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17 AGs move to block BlackRock from buying up utilities, citing ESG concerns

"This is yet another example of radical leftists trying to circumvent the will of the American people in order to implement their draconian mandates," Rokita said.

Published: May 10, 2023 5:06pm

A group of 17 attorneys general is looking to block asset manager BlackRock from making blanket purchases of utilities amid concerns over the firm's activist investing practices.

Led by Indiana Attorney General Todd Rokita, the group filed a motion on Wednesday with the Federal Energy Regulatory Commission (FERC) challenging the firm's blanket authorization to purchase large stakes in such companies, arguing that the firm is not a passive investor and will use its stakes in companies to push a political and social agenda.

Under scrutiny from the AGs is a practice known as Environmental, Social, and Corporate Governance (ESG) investing, in which an asset manager considers such factors when making investments and does not solely look to maximize financial gains. Critics of the practice have warned that doing so may constitute a breach of a firm's fiduciary duty to its investors.

Specifically, the AGs seek to intervene in FERC's reapproval of a three-year blanket authorization to "purchase, acquire, or take over $10 million in voting securities of any 'public utility,' 'electric utility company,' 'transmitting utility,' or 'holding company in a holding company system that includes an electric utility company or transmitting utility.'"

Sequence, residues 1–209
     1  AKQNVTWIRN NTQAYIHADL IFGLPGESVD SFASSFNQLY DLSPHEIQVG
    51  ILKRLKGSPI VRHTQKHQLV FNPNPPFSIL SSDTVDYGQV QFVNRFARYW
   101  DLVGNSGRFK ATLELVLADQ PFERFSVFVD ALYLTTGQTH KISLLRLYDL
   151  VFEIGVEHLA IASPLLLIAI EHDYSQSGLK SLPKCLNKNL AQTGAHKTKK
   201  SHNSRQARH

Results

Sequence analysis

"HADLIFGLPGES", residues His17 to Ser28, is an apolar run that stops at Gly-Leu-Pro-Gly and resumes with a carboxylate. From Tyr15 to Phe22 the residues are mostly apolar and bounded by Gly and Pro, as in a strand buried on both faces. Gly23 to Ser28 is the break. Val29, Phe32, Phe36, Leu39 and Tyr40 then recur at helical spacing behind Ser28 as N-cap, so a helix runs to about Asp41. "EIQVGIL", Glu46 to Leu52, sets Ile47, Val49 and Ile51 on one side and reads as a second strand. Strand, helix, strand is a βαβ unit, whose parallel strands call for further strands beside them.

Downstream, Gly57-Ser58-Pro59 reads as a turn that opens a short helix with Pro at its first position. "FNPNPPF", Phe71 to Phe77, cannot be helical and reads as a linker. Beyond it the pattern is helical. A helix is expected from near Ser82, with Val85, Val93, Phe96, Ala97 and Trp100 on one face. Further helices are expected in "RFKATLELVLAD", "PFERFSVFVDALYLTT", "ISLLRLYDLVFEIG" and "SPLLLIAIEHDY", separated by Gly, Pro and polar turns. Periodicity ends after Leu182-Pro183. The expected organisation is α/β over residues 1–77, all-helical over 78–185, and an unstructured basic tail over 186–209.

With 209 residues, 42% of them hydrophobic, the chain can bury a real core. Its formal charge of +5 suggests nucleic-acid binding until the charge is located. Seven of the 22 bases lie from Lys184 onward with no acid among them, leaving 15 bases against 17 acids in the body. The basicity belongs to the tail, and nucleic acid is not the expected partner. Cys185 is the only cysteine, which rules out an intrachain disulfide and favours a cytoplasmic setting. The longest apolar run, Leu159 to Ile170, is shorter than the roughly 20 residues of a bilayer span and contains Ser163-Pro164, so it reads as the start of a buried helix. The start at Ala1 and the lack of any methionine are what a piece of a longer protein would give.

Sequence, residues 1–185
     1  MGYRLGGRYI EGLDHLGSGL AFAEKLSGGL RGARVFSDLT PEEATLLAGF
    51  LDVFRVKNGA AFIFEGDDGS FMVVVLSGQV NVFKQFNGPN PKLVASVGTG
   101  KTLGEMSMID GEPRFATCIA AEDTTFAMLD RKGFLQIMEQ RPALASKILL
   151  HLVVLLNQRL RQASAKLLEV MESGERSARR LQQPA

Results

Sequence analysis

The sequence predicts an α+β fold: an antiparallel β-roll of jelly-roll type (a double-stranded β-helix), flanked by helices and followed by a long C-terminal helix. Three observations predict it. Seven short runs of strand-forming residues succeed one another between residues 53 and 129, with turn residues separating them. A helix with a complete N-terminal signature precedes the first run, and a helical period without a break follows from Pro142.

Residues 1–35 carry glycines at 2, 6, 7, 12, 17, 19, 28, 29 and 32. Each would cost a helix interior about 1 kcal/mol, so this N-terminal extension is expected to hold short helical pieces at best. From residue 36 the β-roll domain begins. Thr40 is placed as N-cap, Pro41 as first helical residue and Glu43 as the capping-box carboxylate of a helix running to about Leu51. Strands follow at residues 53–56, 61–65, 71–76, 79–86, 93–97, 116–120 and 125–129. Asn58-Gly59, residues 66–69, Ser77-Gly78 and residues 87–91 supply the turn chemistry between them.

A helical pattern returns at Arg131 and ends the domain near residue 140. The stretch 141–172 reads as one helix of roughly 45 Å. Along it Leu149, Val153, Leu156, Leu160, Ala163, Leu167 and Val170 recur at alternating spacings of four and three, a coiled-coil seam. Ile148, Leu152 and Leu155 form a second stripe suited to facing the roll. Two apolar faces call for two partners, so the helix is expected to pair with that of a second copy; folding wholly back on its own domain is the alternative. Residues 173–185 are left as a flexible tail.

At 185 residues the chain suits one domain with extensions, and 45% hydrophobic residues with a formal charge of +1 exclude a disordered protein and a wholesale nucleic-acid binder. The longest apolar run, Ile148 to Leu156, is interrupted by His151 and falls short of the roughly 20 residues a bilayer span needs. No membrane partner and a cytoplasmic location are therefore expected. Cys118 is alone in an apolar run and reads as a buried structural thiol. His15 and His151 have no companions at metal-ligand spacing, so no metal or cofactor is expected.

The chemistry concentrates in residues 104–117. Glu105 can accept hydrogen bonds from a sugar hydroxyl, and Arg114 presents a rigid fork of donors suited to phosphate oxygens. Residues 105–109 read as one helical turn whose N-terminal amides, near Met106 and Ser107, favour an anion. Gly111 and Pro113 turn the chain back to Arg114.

The AGs note that FERC will only approve such an authorization should it be "consistent with the public interest in light of competition, rates, and regulation" before noting that BlackRock has repeatedly secured such permissions by claiming to be either a "passive" or "non-controlling investor" that does not seek to "chang[e] or influenc[e] the control of the issuer" or "exercise any control over the day-to-day management or operations."

The AGs emphatically argue that BlackRock's embrace of ESG practices has rendered such claims a farce, saying "Maybe BlackRock was a passive investor ten years ago, but today it’s an environmental activist. Indeed, BlackRock’s own public commitments belie its representations to the Commission."

In a press release announcing the motion, Rokita excoriated BlackRock and the ESG initiatives as attempting to circumvent the public to impose unpopular environmental mandates without going to the ballot box.

"This is yet another example of radical leftists trying to circumvent the will of the American people in order to implement their draconian mandates," he said. "The restrictions these elitists are trying to impose on energy companies and utilities would never win approval at the ballot box."

"The public interest is served when investment companies build their business models on maximizing financial returns for clients," he continued. "Conversely, the public interest is hijacked when these companies subjugate clients’ financial interests to leftist fever dreams."

Ben Whedon is an editor and reporter for Just the News. Follow him on Twitter.

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